Science and Technology Studies

A major influence on the methods and theoretical architecture that are used to study default and debt collection is the sub-discipline of Science and Technology Studies (STS). Originally this field limited itself to the study of scientists and scientific endeavour. Early STS scholars could therefore be found in places like laboratories, watching as scientific facts were proved and disproved, stabilised and destabilised, before then following them as they proliferated in the world, sometimes becoming challenged anew. The approaches these scholars developed have since been exported to a range of other sites including, as in this book, to the study of the stabilisation and destabilisation of the facts of economic life. One of the features of this work is an interest in material things – objects and ‘devices‘.

In the Preface, I sum up key aspects of this approach and what the book looks to contribute to the field:

A second way [the first way is described here] the book can be read is as an attempt to stage an encounter between parallel but largely disconnected fields of research. One of these is an approach to economic sociology which draws much from the diverse sets of methods and approaches that have been developed within science and technology studies (STS). Researchers working within this field have become interested in the diverse ways that markets are put together, while observing the role played within them by both people and material things. Often this has involved a focus on the role played by particular ‘devices’. Put simply, these are the cogs and wheels that drive the engines of markets, the objects and technologies involved that help to make them function. What makes this approach so important is that it has shown social scientists how essential it is to pay close attention to the ways in which the often quite mundane ‘stuff’ of markets can have significant effects. This includes shaping the ability of people to make assessments about how to proceed in a given economic situation; how to calculate, in other words.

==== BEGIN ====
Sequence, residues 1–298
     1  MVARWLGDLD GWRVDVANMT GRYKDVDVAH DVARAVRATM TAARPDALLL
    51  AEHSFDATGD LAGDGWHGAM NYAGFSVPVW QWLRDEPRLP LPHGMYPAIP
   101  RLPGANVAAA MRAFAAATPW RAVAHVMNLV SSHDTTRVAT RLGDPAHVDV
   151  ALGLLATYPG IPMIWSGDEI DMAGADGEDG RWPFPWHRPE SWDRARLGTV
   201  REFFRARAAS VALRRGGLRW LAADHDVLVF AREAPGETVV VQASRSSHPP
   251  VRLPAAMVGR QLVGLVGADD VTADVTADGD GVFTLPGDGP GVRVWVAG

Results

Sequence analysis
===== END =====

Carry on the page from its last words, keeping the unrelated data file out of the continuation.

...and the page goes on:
However, perhaps because of its very enthusiasm for showing how much the material stuff of life matters to economic life, this research has often tended to provide a rather thin account of the role played by the everyday encounters between markets and people. The book thus puts it into dialogue with a largely separate field of research that, while also attentive to the material dimensions of life, has devoted far more attention to working through the precise ways in which people, their bodies, and the technologies and practices that surround them, come to be interrelated. This is a diverse set of work, with an equally diverse intellectual heritage, that can be drawn together under the category of ‘affect theory’. The power of affect theory has been to provide a way of attending to and describing some of the most intimate aspects of life. In some cases, this has included focusing on what happens when these encounter markets, although its objects of study have been widespread. The areas where it has sometimes arguably fallen short are precisely those where a STS-influenced economic sociology has excelled: providing an account of where the mundane devices and practices of markets come to matter and in what ways. I have found the encounter between these two fields productive; I hope you do too. But please, read this book in any way that you find helpful.

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